Isolation areas obviously demand the highest degree of contamination-free cleaning. Treating restrooms with the same degree of care as one would treat an isolation room ensures the highest level of decontamination.
Inspection Tools and Details
Health care facilities may use ultraviolet (UV) lighting to kill bacteria in restrooms and/or use fogger-type disinfectants to completely disinfect all surfaces. However, it’s possible the most important difference between the restroom of a health care facility and that of any other sector is in the monitoring of quality levels.
Generally speaking, a nonhealth care sector restroom is going to receive a generic quality inspection. By this, I mean a visual inspection of whether the work is complete or not. In the health care sector, this is almost never the case.
Health care facilities use a variety of tools to measure not only the quality of cleaning as it relates to appearance, but also to measure whether a surface has been disinfected. Some may use adenosine triphosphate (ATP) testing to determine whether all living organisms have been killed on a specific surface. Others may rely on fluorescent gel testing to determine whether a surface has been cleaned. If your processes and procedures are correct and followed, these types of tests—when done randomly and often—can help to validate the efficacy of the systems and work processes you have in place.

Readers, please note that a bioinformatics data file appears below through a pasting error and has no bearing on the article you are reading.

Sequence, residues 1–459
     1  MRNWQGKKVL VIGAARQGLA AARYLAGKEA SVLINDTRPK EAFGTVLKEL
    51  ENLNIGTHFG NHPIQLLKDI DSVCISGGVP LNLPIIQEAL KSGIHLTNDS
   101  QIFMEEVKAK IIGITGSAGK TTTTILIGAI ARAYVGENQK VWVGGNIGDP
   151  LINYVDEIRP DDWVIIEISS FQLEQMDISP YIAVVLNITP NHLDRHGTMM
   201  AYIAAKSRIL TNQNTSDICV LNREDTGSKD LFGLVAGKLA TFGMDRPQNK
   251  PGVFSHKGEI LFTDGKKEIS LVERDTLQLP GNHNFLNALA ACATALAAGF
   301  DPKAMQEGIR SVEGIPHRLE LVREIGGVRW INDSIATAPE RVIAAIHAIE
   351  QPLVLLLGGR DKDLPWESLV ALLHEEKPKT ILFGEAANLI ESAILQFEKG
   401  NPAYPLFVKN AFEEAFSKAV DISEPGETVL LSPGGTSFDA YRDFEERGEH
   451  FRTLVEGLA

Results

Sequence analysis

Infection control specialists in health care settings rely on the data gleaned from these tests in a variety of ways. Examples include risk assessment, mitigating procedures (align these with the metrics on an organizational scorecard), and communicating the effectiveness of their facilities to the customer base.
What’s the Difference?
Across the entire cleaning industry, there is a concerted effort to re-engineer cleaning of a restroom to the level of the science it has become. No longer is it sufficient to just “clean” a restroom. Cleaning is becoming much more sophisticated, with science and technology permeating the entire industry. Nowhere is this more evident than in restroom cleaning. New chemicals and equipment are now available to help in the fight to control or eliminate harmful bacteria.
Along with these advances in technology, there are also now recommended tasks and times for tasks, such as those found in ISSA’s 612 Cleaning Times. These can provide a benchmark for the types of activities necessary to provide a healthy and sanitary restroom.
In summary, the differences in cleaning restrooms are negligible between sectors. The primary differences are in the types of building occupants and how health care staff monitor cleaning results.
While it’s true that all sectors want a clean and healthy environment, including in their restrooms, the health care sector, by its nature, is required to be fastidious in the monitoring of quality and infection control in restroom cleaning.
Editor’s note: Special thanks to Michael Burke for his insight into the world of environmental services, and for his contribution as an editor to this article. As the environmental service manager at North Memorial Medical Center, he oversees housekeeping, linen services, regulatory waste compliance, patient transport, parking, and valet and shuttle services.